More than 30 years ago I admired New York Central System’s company photographs made by Ed Nowak from the elevated location above the Breakneck Ridge tunnels.
Over the years I’ve made many images from Breakneck Ridge. A couple of weeks ago, I made this view using my old Leica 3A with 35mm Nikkor lens.
There’s something about black & white film that has a timeless quality: Old, but new; traditional, reliable and comforting. Use of an antique camera-lens combination contributes to the nostalgic view point.
This frame was exposed on Ilford HP5, then processed in Kodak D76 (stock solution mixed 1-1 with water) for 9 minutes at 68F. Key to the tonality of the image is my ‘secret step’—a presoak water bath with a drop of Kodak HC110 in it.
The idea behind the water bath with a drop of developer in it is this: presoaking the film allows the gelatin to swell before encountering developer at full strength, while the very dilute amount of developer allows the chemical reaction to begin working before the primary development cycle. Since the developer is extremely dilute (and thus rapidly exhausted) the shadow areas receive proportionally greater development than highlight regions during this phase.
In the 1940s, New York Central photographer Ed Nowak often posed trains near Breakneck Ridge (north of Cold Spring, New York. In the 1960s, my dad made photographs of lightning stripe E-units here. I first visited with my dad and brother in the early 1980s. Back in 1989, I used USGS topographical maps to suss angles from the ridge.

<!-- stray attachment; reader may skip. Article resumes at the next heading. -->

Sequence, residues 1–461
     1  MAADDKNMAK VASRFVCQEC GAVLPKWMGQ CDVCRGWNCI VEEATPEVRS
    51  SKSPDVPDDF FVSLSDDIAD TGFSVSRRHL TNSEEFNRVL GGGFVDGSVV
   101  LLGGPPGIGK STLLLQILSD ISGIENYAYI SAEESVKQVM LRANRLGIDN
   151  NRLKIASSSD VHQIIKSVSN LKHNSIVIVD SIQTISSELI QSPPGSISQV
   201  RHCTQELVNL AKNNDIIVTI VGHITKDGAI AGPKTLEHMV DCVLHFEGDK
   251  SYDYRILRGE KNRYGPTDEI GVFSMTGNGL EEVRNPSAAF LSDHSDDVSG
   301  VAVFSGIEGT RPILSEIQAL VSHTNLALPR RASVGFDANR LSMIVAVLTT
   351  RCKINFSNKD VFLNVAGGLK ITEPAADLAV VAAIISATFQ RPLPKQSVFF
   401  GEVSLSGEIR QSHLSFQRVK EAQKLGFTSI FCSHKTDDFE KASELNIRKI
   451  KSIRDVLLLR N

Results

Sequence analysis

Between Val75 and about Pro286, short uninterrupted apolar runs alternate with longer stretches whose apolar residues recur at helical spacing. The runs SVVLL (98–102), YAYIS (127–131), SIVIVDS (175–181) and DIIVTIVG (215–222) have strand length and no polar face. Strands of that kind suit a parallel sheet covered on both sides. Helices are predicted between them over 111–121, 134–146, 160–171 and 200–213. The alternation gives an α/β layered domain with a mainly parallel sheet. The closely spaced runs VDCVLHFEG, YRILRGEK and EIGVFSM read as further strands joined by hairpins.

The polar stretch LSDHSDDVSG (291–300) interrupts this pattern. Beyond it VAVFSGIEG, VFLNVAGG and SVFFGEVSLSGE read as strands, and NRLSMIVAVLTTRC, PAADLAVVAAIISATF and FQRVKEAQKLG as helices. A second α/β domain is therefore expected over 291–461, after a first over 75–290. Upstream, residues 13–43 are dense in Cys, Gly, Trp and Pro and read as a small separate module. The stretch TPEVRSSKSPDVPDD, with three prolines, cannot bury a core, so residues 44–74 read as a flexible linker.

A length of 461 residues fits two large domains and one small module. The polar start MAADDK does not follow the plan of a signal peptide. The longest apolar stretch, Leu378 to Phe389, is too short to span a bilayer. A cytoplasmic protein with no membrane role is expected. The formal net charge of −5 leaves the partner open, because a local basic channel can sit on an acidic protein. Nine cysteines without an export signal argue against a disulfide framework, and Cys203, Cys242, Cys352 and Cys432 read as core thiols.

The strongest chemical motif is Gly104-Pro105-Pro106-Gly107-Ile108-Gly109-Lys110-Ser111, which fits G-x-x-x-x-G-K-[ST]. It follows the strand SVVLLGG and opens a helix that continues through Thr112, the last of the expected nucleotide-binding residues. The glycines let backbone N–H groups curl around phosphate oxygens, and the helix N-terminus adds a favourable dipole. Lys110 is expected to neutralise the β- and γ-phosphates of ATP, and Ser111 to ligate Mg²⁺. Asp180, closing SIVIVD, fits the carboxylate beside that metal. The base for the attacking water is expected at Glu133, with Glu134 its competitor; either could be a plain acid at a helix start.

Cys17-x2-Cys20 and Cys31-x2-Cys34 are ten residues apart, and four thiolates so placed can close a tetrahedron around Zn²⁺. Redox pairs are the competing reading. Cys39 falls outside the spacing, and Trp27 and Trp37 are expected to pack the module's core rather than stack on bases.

On January 20, 2015, I parked near the north portal of the famous tunnels and followed the designated trail up the side of the ridge. It had been a fair few years since I was here last.
The clouds began to part in the west and for about 45 minutes there was low filtered sun on the rail. I exposed a few color slides and digital images of passing Metro-North and Amtrak trains.
I kept thinking about all the Hudsons, Niagaras, and Mohawks, the General Motors E unit and Alco PA diesels, and even the classic former New Haven FL9s that passed this famous location in former times.
In an era when so many places have changed beyond recognition, it’s nice to be able to visit a spot that looks more or less the way I expect. Even if the locomotives have changed, and the operators are different; the scenery remains some of the finest in the East, and the line is still busy!
It was a clear September 1989 morning when I parked near the twin former New York Central tunnels at Breakneck Ridge and followed a hiking trail to this commanding vantage point looking back toward Cold Spring, New York.
I exposed this photo on Kodachrome 25 slide film using my Leica M2 fitted with 50mm f2.0 Summicron firmly mounted on a Bogen 3021 tripod.
Amtrak Turbotrain Races Southward Along the Hudson
I made this view from a hiking trail on Breakneck Ridge along the Hudson River in August 1989. At the time my standard camera was a Leica M2 that I tended to use with Kodachrome 25. Turbotrains were standard equipment on Amtrak’s Empire Corridor trains making for common sights along the Hudson.
While common on this route, Amtrak’s Turbotrains were an anomaly in American operating practice, making them an unusual and worthy subject for photography. These reminded me of the original streamlined trains of the 1930s such as Burlington’s Zephyrs, Illinois Central’s Green Diamond, and New Haven Railroad’s Comet.
Today I’m happy to have a nice selection of these trains at work, but I regret not having traveled on them. I was always puzzled when my fellow photographers opted not to make photos of them. Perhaps Turbotrains seemed too common?